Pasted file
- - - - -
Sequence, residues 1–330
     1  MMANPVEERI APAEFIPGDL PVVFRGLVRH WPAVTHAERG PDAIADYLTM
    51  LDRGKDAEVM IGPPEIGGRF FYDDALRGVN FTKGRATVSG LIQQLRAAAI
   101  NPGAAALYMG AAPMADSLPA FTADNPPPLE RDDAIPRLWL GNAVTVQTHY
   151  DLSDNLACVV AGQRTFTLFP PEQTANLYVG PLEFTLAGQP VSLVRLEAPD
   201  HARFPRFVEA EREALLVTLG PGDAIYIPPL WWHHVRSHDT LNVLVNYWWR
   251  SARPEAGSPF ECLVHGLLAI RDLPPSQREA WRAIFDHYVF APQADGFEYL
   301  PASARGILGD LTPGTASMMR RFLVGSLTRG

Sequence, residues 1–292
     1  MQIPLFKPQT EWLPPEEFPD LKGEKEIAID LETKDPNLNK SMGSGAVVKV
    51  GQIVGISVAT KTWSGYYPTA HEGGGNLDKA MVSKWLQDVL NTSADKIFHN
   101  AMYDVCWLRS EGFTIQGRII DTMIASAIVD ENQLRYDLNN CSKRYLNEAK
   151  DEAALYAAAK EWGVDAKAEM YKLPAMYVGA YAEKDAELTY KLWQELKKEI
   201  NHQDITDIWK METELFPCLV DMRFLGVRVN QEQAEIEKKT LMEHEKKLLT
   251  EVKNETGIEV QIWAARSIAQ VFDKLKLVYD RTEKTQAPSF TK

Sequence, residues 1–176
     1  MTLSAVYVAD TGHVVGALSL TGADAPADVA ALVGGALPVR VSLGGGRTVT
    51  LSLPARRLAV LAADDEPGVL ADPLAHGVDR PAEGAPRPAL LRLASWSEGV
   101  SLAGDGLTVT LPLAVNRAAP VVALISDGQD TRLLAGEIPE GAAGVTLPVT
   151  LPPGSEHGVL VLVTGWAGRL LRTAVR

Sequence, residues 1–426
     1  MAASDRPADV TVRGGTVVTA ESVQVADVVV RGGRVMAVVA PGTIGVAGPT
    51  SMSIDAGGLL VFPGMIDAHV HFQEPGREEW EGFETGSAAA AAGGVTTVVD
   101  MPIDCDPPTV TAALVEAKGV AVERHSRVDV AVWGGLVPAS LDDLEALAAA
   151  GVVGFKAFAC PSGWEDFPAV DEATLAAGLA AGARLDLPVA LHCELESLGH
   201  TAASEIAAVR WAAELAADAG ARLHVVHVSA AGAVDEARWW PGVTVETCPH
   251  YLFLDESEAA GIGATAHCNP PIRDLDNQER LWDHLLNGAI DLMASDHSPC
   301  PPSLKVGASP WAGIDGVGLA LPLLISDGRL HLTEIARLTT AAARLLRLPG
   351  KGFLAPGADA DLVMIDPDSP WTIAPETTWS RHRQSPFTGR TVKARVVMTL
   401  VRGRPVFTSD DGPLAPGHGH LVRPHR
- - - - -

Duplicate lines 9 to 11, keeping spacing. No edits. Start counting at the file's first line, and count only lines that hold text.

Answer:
Sequence, residues 1–292
     1  MQIPLFKPQT EWLPPEEFPD LKGEKEIAID LETKDPNLNK SMGSGAVVKV
    51  GQIVGISVAT KTWSGYYPTA HEGGGNLDKA MVSKWLQDVL NTSADKIFHN